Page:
The Race Relations Commissioner is pushing for prisons to be run by iwi and is looking specifically at Mangaroa Prison in Hawke's Bay.
Meng Foon said the idea was a "conversation that is being promoted by [him]", and he has been reaching out to iwi, speaking with stakeholders, and was lining up a meeting with Corrections to discuss the idea.
He said the way prisons were run was not effective for Māori and there needed to be a paradigm shift towards community-based solutions away from Government-led ones.
Iwi were successfully running large businesses in many sectors, and there was no reason why they could not manage prisons, Foon said.
"If you can trust Serco ... to come run our prisons with great failure, why don't we try iwi?
"They have great capability, capacity, and Māori have said what is good for iwi is actually good for New Zealand."
Foon said the success of the Rangatahi Courts in lowering recidivism rates, and kura kaupapa and wānanga in boosting academic achievement, showed the benefit of Māori-led programmes.
He said iwi should not just be running prisons and that the Māori economy should work with the Government on housing - as people released from prison face difficulties securing accommodation.
"And also ensuring that there are jobs. And iwi are right into the world of business: horticulture, agriculture, forestry, fishing, building developments.
"The whole supply chain downstream from prison, to learning a trade or some skill at least that is transferable on the outside and having real work out there, I think that will reduce recidivism a lot.
"And if it trends like that, how I predict it to, I'm sure ... you could actually have Māori running the rest of the prisons in New Zealand because of that model."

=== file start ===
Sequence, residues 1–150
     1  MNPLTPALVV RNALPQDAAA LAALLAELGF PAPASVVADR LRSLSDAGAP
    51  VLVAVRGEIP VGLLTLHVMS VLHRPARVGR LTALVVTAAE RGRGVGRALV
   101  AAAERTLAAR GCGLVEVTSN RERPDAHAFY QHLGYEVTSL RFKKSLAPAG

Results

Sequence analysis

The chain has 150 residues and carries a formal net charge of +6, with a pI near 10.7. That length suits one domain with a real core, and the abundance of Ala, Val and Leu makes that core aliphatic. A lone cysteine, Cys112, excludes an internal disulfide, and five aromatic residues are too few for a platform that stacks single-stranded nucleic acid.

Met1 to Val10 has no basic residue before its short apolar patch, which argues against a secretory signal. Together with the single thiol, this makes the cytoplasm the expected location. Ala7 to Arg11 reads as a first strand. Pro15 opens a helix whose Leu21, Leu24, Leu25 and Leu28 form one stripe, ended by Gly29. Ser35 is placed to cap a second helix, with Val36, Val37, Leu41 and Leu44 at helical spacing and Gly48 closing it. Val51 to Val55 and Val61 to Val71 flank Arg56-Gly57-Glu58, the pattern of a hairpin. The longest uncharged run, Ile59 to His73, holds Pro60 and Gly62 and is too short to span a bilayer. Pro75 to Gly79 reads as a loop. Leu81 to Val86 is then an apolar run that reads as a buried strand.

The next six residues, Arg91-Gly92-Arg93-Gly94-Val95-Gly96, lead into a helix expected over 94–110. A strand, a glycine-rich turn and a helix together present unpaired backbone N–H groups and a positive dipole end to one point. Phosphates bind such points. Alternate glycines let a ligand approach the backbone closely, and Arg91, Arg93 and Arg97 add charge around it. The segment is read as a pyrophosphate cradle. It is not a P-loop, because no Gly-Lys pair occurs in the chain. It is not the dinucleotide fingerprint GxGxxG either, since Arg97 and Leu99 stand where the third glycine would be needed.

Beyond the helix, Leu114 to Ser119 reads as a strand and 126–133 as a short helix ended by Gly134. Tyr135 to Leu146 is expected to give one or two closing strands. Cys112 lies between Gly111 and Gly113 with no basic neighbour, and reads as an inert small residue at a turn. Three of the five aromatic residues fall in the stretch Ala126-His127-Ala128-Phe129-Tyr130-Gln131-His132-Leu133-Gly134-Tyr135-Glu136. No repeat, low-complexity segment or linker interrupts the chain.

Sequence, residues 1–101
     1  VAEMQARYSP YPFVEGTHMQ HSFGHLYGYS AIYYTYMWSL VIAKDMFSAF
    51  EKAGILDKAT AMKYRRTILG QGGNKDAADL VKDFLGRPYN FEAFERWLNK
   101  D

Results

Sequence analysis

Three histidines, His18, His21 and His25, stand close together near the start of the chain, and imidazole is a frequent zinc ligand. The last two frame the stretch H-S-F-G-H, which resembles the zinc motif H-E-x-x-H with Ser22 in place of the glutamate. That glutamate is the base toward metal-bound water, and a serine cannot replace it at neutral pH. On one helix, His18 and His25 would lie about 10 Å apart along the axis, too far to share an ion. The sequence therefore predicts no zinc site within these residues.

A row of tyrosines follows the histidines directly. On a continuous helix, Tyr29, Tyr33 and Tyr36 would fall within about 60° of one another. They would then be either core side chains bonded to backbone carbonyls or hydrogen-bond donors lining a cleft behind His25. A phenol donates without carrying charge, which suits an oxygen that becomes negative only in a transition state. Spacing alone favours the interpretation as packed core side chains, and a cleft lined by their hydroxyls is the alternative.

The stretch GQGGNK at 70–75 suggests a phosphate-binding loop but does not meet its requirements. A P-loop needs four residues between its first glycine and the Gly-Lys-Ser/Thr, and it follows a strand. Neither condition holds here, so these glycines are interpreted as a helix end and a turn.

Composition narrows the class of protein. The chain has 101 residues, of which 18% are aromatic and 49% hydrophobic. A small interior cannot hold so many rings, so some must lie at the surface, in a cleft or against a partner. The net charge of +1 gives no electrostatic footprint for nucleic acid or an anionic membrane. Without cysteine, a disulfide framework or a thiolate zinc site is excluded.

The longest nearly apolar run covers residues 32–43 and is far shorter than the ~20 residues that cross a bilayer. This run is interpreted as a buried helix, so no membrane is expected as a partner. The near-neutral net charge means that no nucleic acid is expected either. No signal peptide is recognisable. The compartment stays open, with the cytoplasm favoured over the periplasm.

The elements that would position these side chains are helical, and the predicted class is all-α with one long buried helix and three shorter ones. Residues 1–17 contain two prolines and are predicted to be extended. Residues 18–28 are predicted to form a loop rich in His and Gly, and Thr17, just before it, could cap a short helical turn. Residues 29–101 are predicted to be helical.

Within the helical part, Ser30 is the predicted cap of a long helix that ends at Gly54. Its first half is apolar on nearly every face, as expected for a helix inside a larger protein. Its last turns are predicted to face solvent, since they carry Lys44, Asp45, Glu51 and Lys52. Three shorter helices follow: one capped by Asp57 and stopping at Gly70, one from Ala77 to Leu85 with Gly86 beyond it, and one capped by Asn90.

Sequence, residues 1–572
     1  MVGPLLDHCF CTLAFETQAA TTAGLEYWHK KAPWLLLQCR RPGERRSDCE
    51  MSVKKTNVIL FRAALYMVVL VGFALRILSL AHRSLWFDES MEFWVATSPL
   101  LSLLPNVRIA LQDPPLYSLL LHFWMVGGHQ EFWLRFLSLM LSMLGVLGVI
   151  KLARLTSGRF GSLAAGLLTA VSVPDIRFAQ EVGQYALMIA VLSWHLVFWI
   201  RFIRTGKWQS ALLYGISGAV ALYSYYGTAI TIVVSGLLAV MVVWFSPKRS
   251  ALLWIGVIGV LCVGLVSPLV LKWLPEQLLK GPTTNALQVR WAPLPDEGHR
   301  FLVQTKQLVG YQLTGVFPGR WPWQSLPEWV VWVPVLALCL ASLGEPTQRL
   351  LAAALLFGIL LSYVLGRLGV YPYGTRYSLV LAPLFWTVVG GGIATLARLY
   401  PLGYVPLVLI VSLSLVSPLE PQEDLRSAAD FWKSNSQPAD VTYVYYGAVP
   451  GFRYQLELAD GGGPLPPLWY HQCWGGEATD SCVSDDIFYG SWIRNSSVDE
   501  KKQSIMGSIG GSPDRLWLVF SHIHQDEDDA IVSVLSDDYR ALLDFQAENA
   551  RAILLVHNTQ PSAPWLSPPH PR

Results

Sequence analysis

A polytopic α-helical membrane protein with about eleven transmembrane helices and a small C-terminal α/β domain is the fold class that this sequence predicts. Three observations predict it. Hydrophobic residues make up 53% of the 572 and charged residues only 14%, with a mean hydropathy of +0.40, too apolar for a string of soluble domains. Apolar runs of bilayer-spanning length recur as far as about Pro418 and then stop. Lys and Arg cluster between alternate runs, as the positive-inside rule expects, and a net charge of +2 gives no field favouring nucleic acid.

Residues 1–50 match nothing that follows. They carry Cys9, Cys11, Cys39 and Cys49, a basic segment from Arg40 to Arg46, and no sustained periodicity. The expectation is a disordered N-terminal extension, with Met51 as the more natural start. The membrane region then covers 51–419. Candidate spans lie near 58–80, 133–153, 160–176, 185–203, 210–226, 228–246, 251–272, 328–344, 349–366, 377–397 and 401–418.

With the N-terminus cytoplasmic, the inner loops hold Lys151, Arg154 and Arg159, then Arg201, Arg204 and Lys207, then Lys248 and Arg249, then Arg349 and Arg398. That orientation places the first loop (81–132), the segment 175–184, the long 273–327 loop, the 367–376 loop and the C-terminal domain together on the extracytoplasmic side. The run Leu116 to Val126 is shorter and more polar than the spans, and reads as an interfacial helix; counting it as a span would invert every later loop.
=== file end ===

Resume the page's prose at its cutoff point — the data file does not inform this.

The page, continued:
Ngahiwi Tomoana, the leader of Ngāti Kahungunu, told Morning Report he hadn't heard from Foon about the concept but admitted it was something his iwi had considered anyway.
"We'd run it with the intent of closing it down over the next few years because it's a travesty that our people are 50 per cent of the male population and 68 per cent of the female population," he said.
He said the iwi had the capacity, skills and institutional knowledge to run them, but "we also have the capacity and institutional knowledge to restore and rehabilitate everybody so eventually we can close them down."
He said there was a clear link between people losing their jobs and numbers entering the prison system in Hawke's Bay.
If iwi did run the prisons, it would be done in partnership with whānau, and they would use their connections with the corporate world to find employment for inmates upon release, he said.
The theoretical side of a job would be covered in prison, while basic literary and numeracy skills would also be improved.
He called on the minister to meet with iwi to discuss the plans.
"We've talked about this for a couple of decades now in my time, and our elders, when the prison was being built, they asked that half the amount of money being spent on the prison be used in kura kaupapa and we'd keep people out of prison."
Corrections Minister Kelvin Davis declined an interview but said in a statement he had not been approached by Foon about the idea.
Davis said the Government did not support establishing private prisons, regardless of the operator.
He said Corrections had introduced a new Māori co-designed strategy to decrease the Māori prison population, and increased money for other Māori programmes.
Davis said progress has been made in safely reducing the prison population, which had recently dropped below 9000 for the first time since 2015.